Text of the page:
Kay Sekimachi was born in 1926 in San Francisco. Sekimachi was initially trained in artmaking while she and her family were held at an internment camp for Japanese-Americans in Topaz, Utah during World War II. While interned, Sekimachi studied various artistic disciplines including painting, origami, costume design, and interior design.
In 1946, Sekimachi studied at the California College of Art and Crafts in Oakland and, in her last year, began weaving on a loom. As a working artist, Sekimachi continued to use the loom to construct three-dimensional sculptural forms. In the 1970s, she began weaving nylon monofilament to create diaphanous hanging sculptures whose forms were inspired by Japanese cultural motifs. In her long career as an artist, Sekimachi has also crafted more utilitarian objects, such as loosely woven baskets and bowls, whose astonishing detail and fascinating design pushed at the traditional boundary between fine art and craft. Sekimachi has been credited as a pioneer in weaving, demonstrating the medium’s relevance as a method of artistic expression.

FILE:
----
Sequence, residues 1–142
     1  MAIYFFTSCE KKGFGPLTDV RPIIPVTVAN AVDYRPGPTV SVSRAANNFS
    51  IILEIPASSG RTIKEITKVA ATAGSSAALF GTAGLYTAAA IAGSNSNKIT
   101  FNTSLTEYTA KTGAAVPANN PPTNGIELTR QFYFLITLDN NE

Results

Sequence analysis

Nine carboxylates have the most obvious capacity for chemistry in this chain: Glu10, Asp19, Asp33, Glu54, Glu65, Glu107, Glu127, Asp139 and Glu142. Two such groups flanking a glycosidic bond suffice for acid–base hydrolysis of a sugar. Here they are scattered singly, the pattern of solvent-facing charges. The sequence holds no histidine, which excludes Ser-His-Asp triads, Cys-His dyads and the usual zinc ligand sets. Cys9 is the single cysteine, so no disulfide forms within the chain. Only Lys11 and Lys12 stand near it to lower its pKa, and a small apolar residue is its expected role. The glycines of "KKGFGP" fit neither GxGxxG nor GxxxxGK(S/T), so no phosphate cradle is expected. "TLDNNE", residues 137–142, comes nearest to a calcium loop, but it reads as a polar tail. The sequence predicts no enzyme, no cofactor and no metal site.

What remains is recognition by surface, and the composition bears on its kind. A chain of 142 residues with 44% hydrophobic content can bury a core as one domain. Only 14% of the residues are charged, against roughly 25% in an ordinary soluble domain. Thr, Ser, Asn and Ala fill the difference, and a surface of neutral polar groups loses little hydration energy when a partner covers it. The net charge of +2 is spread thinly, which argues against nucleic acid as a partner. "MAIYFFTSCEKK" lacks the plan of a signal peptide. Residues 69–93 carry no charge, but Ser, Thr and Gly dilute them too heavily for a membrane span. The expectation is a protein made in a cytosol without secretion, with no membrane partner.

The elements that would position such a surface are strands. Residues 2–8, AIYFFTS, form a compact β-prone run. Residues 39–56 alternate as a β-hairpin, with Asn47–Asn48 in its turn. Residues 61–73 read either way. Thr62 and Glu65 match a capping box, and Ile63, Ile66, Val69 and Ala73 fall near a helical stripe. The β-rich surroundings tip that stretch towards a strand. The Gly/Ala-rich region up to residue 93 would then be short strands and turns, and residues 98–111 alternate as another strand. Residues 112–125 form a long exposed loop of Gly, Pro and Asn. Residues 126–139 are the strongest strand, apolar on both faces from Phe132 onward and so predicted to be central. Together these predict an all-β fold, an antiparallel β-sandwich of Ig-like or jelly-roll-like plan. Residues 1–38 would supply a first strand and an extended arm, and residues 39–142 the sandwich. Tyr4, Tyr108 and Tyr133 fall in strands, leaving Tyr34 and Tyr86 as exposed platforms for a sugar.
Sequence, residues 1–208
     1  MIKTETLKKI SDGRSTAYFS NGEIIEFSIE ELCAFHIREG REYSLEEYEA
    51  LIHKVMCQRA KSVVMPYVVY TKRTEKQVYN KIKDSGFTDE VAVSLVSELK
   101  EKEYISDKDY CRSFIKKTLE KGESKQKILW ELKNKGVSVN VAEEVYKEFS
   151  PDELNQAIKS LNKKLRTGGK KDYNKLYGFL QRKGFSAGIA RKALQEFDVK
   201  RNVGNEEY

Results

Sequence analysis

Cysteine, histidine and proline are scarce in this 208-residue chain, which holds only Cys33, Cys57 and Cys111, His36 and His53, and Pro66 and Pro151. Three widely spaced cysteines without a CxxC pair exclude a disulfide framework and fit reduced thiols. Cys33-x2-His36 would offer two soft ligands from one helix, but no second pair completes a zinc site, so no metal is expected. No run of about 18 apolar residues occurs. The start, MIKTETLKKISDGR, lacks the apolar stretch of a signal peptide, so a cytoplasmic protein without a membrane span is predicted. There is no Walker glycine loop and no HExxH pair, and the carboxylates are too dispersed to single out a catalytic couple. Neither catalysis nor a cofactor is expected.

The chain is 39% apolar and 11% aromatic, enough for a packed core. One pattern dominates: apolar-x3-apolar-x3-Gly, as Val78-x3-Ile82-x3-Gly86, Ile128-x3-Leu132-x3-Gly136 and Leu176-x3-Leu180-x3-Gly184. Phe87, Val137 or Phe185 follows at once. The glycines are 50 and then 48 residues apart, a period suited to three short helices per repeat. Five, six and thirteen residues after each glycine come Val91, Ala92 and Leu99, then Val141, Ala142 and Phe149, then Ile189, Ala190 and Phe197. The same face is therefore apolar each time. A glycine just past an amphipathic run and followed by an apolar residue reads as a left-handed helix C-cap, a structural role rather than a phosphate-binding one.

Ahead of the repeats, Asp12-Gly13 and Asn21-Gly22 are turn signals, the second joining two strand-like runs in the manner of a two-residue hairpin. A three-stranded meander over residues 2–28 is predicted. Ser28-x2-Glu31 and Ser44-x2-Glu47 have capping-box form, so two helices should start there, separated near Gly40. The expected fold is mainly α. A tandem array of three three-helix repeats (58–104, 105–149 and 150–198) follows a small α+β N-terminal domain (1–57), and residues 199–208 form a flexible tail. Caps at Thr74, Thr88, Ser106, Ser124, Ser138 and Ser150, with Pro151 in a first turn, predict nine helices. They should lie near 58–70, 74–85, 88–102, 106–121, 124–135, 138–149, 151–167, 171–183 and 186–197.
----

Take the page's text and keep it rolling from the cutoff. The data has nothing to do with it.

Sekimachi’s work is represented in the permanent collections of the Fine Arts Museums of San Francisco; the Museum of Arts & Design, New York; the Oakland Museum of California; the Renwick Gallery, Smithsonian Institution; and many other museums and private collections. Her fiber work has been exhibited extensively in the United States, Europe, and Asia, including solo exhibitions at the Mingei International Museum, San Diego, California and at the Craft and Folk Art Museum, Los Angeles. The American Craft Museum in New York also mounted a traveling exhibition, “Marriage in Form: Kay Sekimachi & Bob Stocksdale” that went to multiple venues around the United States from 1993-1995. In 2002, she received the American Craft Council’s Gold Medal.